(TODAY'S GUEST: Pleased to bring in Laurie P. to get her opinion on a Hollywood "implosion" predicted by some of our biggest filmmakers. Laurie's other writings can be found at Klat, and we encourage you to follow her on Twitter.)
As we enjoy the dog days of summer, most film fans are squarely focused on the epic summer blockbuster movie season. We're all watching to see which films will come out on top each week, rising above the competition to rake in millions at the weekend box office. It's a tradition, the blockbuster movie - but is it about to become extinct?
Just as we're waiting to see which tent pole films soar at the box office, we're also anticipating a few massive failures. It happens each year: A studio puts out a high-budget, massive blockbuster and within days, it is deemed a colossal disaster. So far, in the summer of 2013, we've seen some truly epic bombs, including After Earth, The Lone Ranger and White House Down. We're not done yet, either, because, as I suggested last week, R.I.P.D. seems to be tanking as well.
What does all of this mean? If you believe two of Hollywood's most iconic film heavyweights, Steven Spielberg and George Lucas, it signals doom and gloom for the movie industry. In June, Spielberg and Lucas told USC students that the industry as a whole is due for an "implosion." Spielberg, in particular, said that once you have multiple blockbuster failures in a row, studios will freak out and ticket prices will soar - but only for the so-called "big" films. Based on what I'm seeing this summer, this apocalyptic prediction is already beginning to happen. We're just a few more failures short of Spielberg's prediction.
Spielberg says it's entirely possible that movie goers will eventually shell out "$25 for the next Iron Man" and just "$7 to see Lincoln." So wait, is he suggesting that perhaps it would be better to make a non-commercial film? Will more people be willing to pay lower prices for Lincoln than oh, say, Avengers 2?
Both filmmakers warned that big changes are coming, with George Lucas suggesting that in the future, fewer blockbusters will be released and when they are, they'll stay in theaters for a long time (and cost much more than they already do).
Here's the thing: I get what both men are saying here. If I'm being really honest, this summer's blockbusters have left me fairly cold. Everything is getting recycled; everything is a sequel. I don't see a whole lot of originality. I find it downright painful to shell out $15 for less-than-stellar film, even if I'm reviewing it. Maybe an implosion wouldn't be such a bad thing? It might actually help to usher in a new golden age of movie making. Maybe a tiered pricing system would mean we won't have to deal with Transformers 11 and Grown Ups 7? No, never mind: Some will still shell out $15 for that kind of drivel, just as they did over the July 4th holiday this year.
In terms of genuinely original movie making, an implosion wouldn't necessarily be a disaster. If studios raise prices on major films, we as movie goers might stay away, putting the studios/distributors in dire financial straits. Ultimately, we, the cinephiles of the world, might benefit eventually. For argument's sake, let's look at what happens when a movie studio/distributor has huge financial problems: In the late-1960s, Paramount Pictures was in big trouble. Why? Quite frankly, the studio had put out some really, really stinker films. Things looked incredibly bleak, until lo and behold, Robert Evans was appointed head of production for Paramount (which was on the verge of bankruptcy). Over the next six years, under Evans, Paramount put out some incredibly creative films: Rosemary's Baby, Serpico, The Godfather, The Conversation, and Love Story. Evans took chances. He didn't necessarily go for big budgets. He wanted quality. Evans took a chance on a young screenwriter, Robert Towne, and one of the greatest movie scripts in history (arguably) was born with Chinatown.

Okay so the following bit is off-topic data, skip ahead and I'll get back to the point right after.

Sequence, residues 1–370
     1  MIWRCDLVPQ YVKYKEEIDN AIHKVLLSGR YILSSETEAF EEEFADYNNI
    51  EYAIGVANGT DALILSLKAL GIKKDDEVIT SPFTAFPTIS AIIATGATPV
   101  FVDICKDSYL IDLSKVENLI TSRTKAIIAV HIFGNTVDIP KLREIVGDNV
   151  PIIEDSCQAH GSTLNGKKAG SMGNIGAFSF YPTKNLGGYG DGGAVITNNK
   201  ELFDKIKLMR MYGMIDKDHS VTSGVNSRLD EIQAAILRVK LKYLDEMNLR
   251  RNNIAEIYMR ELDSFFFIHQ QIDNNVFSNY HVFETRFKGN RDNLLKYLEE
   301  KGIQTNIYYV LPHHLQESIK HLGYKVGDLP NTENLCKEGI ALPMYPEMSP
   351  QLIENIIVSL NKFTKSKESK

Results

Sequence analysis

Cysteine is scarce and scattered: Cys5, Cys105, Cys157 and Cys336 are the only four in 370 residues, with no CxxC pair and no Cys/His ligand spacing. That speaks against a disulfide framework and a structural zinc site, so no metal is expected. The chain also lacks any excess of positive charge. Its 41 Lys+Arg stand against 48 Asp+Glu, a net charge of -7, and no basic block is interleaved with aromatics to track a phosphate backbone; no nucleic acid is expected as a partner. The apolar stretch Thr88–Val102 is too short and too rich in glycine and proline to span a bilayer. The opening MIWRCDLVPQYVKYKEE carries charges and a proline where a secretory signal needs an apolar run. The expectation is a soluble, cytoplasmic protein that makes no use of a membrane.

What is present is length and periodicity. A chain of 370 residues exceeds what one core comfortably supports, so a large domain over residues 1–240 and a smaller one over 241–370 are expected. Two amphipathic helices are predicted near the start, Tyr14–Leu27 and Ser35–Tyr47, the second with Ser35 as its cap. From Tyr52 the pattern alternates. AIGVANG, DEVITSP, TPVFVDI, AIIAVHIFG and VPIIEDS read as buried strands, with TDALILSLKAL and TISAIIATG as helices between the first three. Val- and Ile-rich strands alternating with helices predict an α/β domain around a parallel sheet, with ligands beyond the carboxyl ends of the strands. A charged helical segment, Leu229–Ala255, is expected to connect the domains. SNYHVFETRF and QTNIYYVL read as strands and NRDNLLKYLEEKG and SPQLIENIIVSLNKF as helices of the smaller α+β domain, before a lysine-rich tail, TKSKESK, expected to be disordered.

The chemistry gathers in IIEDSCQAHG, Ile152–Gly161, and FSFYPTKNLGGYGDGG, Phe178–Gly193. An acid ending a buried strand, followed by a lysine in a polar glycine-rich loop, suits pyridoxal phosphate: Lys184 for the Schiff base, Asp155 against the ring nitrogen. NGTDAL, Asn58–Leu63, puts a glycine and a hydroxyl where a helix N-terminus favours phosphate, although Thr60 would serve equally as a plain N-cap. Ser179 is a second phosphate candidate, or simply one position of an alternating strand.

Will something like this come to pass if things get wobbly for the entire film industry? Possibly. Think about it: Some of the aforementioned Paramount films were done on (relatively) lower budgets. They are all brilliant, and way better than much of what we see in theaters today. Personally, I'd pay $7 or $17 to see films of that kind of caliber, though $7 is certainly more in line with my own budget. Backing the movie industry into a collective corner could result in the studios and the directors coming out swinging.
I do take issue with the fact that the two filmmakers screaming that the sky is falling are the very people responsible for the "blockbuster" movie model. Of course, I'm sure Spielberg had no idea Jaws would take off the way it did, but still, his movies changed the way studios promote and finance these tent pole films. For Spielberg and Lucas to cry foul about how hard it is for even them to get movies made these days seems more than a little hypocritical. So now they're victims of the monster they helped to create?
Anyone disagree? Agree? Do you think these kinds of massive changes are coming and, if they do, will you ever pay $25 to see any movie, even the next Star Wars?